'My life closed twice before its close;' by Emily Dickinson
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My life closed twice before its close;
It yet remains to see
If Immortality unveil
A third event to me,
So huge, so hopeless to conceive,
As these that twice befell.
Parting is all we know of heaven,
And all we need of hell.
Editor 1 Interpretation
My Life Closed Twice Before Its Close by Emily Dickinson
Have you ever experienced a profound sense of loss, a feeling that something important has ended or been taken away from you? If so, then you can relate to Emily Dickinson's poem "My Life Closed Twice Before Its Close." This powerful work of poetry explores themes of death, loss, and the struggle to find meaning in life.
Analysis of the Poem
The poem begins with the simple yet devastating line, "My life closed twice before its close." What does Dickinson mean by this? At first, it seems like a contradiction. How can a life close twice? But upon closer examination, we can see that the poet is referring to two distinct experiences of loss.
The first "close" refers to the death of someone close to the speaker. Perhaps it was a family member, friend, or lover. This loss is so profound that it feels like the end of the speaker's own life. Dickinson writes, "It yet remains to see / If Immortality unveil / A third event to me." Here, the speaker is acknowledging the possibility of an afterlife, but also the uncertainty of what lies beyond.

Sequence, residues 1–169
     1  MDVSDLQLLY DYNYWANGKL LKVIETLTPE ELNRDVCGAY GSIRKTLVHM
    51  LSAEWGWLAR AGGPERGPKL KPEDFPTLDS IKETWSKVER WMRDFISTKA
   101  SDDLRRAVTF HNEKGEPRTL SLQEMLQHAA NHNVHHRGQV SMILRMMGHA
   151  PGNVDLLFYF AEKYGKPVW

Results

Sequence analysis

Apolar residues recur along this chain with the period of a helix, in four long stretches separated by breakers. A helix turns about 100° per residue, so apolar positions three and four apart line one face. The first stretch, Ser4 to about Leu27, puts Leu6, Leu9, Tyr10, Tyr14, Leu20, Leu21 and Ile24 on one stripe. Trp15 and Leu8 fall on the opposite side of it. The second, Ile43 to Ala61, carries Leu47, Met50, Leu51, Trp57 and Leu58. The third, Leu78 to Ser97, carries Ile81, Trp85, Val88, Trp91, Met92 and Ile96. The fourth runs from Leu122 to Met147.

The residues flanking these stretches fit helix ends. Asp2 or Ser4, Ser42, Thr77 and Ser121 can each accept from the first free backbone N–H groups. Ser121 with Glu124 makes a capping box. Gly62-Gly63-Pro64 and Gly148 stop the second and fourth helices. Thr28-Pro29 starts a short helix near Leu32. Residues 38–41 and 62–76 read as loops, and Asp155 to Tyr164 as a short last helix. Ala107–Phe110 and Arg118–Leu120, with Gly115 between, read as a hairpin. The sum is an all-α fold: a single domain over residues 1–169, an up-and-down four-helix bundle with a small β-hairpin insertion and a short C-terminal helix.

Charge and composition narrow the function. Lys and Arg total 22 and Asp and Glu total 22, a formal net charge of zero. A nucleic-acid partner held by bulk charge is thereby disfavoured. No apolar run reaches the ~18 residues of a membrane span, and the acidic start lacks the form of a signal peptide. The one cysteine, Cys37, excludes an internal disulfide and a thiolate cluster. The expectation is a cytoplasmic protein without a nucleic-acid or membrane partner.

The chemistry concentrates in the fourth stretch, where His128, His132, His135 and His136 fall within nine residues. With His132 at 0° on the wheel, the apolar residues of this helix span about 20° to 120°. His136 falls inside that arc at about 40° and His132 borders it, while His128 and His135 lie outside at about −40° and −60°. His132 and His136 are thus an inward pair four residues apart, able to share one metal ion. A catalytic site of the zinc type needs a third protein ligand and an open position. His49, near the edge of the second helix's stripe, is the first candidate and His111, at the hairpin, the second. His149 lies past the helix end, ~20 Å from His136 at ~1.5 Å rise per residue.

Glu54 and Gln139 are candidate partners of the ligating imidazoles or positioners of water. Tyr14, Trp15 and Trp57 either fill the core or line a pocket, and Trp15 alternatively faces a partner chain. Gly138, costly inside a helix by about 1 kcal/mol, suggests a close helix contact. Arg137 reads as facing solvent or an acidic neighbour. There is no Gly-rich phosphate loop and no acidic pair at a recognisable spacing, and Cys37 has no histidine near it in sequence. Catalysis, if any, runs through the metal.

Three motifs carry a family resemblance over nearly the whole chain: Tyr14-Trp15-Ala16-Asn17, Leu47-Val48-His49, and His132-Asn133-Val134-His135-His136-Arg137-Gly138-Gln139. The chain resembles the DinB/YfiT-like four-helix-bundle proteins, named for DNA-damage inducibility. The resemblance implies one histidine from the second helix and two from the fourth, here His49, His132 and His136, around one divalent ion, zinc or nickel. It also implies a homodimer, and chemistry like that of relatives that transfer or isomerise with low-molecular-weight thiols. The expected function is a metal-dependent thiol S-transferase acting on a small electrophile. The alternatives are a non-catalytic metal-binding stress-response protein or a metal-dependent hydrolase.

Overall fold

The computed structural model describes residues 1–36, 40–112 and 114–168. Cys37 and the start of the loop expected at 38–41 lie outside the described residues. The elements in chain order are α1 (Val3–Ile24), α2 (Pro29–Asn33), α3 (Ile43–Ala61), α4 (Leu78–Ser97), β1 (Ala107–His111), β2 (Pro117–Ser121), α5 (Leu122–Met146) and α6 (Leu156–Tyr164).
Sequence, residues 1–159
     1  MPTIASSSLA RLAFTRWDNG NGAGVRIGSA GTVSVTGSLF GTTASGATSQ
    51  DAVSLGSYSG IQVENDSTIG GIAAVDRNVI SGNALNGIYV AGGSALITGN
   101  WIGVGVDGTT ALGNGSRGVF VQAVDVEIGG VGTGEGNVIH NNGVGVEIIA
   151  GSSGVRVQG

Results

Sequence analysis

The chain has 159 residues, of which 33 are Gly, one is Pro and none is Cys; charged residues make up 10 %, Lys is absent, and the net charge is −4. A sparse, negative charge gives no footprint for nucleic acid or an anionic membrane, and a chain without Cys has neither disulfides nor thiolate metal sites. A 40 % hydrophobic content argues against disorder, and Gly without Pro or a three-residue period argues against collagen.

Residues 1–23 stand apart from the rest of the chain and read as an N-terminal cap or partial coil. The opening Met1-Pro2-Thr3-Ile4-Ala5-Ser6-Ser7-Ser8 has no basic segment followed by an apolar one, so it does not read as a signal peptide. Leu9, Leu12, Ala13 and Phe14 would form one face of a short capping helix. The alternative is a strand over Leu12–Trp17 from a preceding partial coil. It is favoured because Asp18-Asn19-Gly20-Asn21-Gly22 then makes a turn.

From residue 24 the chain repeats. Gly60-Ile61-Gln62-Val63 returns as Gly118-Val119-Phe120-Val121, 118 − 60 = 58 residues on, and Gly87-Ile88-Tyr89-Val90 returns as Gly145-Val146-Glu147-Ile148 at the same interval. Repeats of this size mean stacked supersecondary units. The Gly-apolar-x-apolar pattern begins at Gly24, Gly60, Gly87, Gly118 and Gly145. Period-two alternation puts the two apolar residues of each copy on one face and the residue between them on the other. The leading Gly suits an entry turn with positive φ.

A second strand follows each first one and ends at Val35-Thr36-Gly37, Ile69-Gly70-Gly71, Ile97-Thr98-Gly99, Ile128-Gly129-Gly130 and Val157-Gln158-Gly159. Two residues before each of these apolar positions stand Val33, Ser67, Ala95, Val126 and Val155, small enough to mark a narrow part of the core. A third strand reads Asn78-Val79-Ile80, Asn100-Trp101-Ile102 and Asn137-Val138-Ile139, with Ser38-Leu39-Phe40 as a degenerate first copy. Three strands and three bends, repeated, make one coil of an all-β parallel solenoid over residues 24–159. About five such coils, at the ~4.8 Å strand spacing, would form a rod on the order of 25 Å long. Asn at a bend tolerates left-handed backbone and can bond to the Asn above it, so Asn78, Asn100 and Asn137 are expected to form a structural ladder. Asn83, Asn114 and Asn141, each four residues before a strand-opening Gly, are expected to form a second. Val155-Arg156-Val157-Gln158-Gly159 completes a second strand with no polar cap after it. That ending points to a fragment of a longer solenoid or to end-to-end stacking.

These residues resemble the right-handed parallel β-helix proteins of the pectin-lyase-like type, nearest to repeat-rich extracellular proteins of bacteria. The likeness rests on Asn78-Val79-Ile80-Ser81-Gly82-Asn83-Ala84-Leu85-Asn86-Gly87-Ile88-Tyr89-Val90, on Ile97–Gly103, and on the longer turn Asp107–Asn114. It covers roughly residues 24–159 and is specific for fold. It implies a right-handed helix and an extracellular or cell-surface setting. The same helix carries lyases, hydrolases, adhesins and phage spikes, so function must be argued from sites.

The second "close" refers to a more personal loss, perhaps the end of a relationship or a significant change in the speaker's life. Dickinson writes, "So huge, so hopeless to conceive / As these that twice befell." The loss is so overwhelming that it is difficult to even comprehend.
Throughout the poem, Dickinson uses vivid imagery to convey the sense of loss and despair that the speaker is feeling. She writes, "Parting is all we know of heaven, / And all we need of hell." Here, the poet is suggesting that the feeling of separation and loss is so intense that it is like experiencing a kind of hell on earth.
Interpretation of the Poem
So what is Dickinson trying to say with "My Life Closed Twice Before Its Close?" One interpretation is that the poem is a meditation on the inevitability of death and the fragility of human life. The speaker has experienced loss so profound that it feels like the end of their own life. But even in the face of this overwhelming loss, there is a sense of hope and uncertainty about what comes next.
Another interpretation is that the poem is a commentary on the human condition. We all experience loss and suffering at some point in our lives, and it can feel like our world is ending. But even in the face of this despair, there is a sense of resilience and the possibility of moving forward.
Ultimately, "My Life Closed Twice Before Its Close" is a powerful work of poetry that speaks to the human experience of loss and suffering. Through vivid imagery and powerful language, Dickinson conveys the sense of despair and uncertainty that comes with profound loss. But in the end, there is also a sense of hope and resilience, a reminder that even in the face of overwhelming adversity, we can find a way to keep moving forward.
Editor 2 Analysis and Explanation